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    • Daniel Romein

      Hi Zardos, please do not post links to personal VK profiles, since these are part of an official police investigation. We know all these profiles, two of them also were drivers in the June 2014 Buk convoy.

  1. Alex Liveson

    “Buk 3×2 was transported via the M4 highway to Donetsk, Russia and subsequently crossed the border through a field south of Severniy during the night of 16 to 17 July. After the downing of MH17, the same Buk missile launcher crossed the border again at the same location in the early morning of 18 July 2014.” (I think you mean Sjevernyi)

    If indeed the BUK crossed the border through a field at Sjevernyi then why and how would they transport it over 200 km (without being seen) just to parade it in a layby in Donetsk and then back along the same line?

    • Daniel Romein

      Hi Zardos, the article written by InformNapalm is a different article and there is no link with Bellingcat. We were writing our report before InformNapalm published their article. Also we don’t want to copy from other articles, our article is based on our own research and where we use information from others, we mention the original source.

      • Zardos

        I have not compared the site “I.N” and “Bellingcat”
        I asked why, in your article no geotags soldiers “*********” and “********”

        • Daniel Romein

          Hi Zardos, also please don’t mention their full names. These two drivers probably indeed also were part of the June 2014 Buk convoy, but probably did not transport Buk 3×2. Their geotagged pictures don’t give information about if they took part in the June convoy, since they were published before the start of that convoy.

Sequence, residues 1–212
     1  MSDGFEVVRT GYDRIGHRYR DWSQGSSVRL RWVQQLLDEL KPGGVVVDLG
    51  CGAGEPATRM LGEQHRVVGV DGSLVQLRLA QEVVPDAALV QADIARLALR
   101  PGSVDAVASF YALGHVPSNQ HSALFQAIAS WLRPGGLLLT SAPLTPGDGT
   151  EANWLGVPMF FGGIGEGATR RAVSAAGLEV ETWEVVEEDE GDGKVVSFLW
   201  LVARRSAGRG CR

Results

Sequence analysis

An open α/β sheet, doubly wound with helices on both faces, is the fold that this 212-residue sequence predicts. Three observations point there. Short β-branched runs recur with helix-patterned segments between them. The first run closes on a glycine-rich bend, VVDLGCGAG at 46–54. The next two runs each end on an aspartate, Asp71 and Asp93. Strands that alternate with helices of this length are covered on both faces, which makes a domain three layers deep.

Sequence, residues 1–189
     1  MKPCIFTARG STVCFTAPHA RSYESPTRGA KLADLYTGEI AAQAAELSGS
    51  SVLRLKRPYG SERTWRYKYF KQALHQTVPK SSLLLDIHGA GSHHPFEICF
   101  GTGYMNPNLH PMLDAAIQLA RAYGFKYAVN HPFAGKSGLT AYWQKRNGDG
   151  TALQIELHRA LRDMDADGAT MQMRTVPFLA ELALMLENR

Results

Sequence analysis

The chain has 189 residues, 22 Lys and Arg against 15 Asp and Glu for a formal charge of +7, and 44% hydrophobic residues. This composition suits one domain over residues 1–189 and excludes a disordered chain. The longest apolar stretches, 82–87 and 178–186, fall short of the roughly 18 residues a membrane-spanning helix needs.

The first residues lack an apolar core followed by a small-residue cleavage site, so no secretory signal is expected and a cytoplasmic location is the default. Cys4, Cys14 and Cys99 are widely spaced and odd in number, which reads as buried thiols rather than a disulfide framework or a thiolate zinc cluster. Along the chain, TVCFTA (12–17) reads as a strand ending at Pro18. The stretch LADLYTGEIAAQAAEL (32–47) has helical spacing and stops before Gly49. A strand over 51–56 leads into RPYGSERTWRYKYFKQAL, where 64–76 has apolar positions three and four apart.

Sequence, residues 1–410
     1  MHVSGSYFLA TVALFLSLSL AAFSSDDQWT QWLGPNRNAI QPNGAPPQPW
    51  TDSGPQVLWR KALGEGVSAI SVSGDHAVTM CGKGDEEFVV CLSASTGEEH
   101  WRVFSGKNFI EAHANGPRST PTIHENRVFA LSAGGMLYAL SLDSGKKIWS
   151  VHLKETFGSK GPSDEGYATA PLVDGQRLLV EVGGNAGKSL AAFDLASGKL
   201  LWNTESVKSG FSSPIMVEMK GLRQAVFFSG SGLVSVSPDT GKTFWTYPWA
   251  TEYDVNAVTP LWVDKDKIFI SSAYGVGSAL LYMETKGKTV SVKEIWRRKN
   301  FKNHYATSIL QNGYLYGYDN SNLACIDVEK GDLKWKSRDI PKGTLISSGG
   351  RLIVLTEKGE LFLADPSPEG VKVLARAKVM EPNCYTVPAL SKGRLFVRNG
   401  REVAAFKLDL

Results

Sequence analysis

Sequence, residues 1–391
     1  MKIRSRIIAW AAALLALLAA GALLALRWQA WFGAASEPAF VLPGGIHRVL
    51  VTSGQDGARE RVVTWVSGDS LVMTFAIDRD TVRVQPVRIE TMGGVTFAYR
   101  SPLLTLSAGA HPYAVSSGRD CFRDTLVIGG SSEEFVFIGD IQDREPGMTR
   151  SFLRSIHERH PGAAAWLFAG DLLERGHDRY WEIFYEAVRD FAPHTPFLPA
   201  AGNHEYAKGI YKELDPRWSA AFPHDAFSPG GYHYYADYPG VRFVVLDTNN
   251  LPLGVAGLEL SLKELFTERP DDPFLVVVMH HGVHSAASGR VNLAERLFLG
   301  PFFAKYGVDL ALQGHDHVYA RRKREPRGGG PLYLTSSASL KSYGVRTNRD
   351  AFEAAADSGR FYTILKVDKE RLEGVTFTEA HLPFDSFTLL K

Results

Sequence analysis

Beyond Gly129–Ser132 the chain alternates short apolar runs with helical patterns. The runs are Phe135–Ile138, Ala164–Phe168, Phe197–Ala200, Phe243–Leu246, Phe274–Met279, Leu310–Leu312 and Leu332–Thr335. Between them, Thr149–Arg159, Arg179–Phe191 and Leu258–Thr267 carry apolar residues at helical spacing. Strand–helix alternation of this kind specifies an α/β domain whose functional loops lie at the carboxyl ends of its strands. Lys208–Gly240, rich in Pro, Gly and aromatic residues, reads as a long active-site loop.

2. Arnold

    Regarding the transport of the BUK in the night of July 17-18 there is conflicting information:

    Just after midnight Anton Gerashchenko posted a message on Facebook saying: “Ten minutes ago a row of military machinery including the above mentioned “Buk” has passed the point 48.011623, 38.763036 on the road T-0522. It is only ten kilometers left to Russia.”

    In the interview with Vitaly Naida, head of SBU (cited on p. 43), a claim is made that the trailer with the BUK was seen around 2:00 AM in Luhansk.

    Earlier claims by Ukrainian officials stated that the trailer with BUK was sighted at 4:50 AM in Krasnodon and a video was delivered as proof. See e.g.:
    Only later it was admitted that the trailer and BUK had been filmed in Luhansk.

    In the above mentioned article Naida states that the BUK crossed the border around 4:00 AM, as you cite on p. 44
    How then could the video in Luhansk be made about fifty minutes later?

    So, the information by Gerashchenko and Naida is contradicting.

    Besides: why would the BUK be travelling all the way back to Luhansk to be transferred back to Russia? There are shorter routes towards Krasnodon and Donetsk (RU). Above that, there was heavy fighting before, on and after July 17th near Luhansk and Luhansk airport. Ukrainian troups had gained control of the south-east area of Luhansk. I commented on this elsewhere on this site already, see:

    Then there’s another oddity: earlier on the 17th, before the news on the downing of MH17 had spread, some news stories were published that earlier that day Andrej Lysenko had stated that the separatists had possession of a BUK, and that they had a video of a convoy with BUK in Luhansk! See: See also: And:—informtsentr-17072014173700
    Could it be that the video referred to here is the Luhansk video and that this video was actually made earlier than in the early morning of the 18th?

    Anyway: what’s been written on p. 43-49 with regards to the return of the BUK is no more than a speculation, a wild guess.

    • Will Toynbee

      Don’t expect Bellingcat to answer any of your questions. They don’t have any answers.

      • Daniel Romein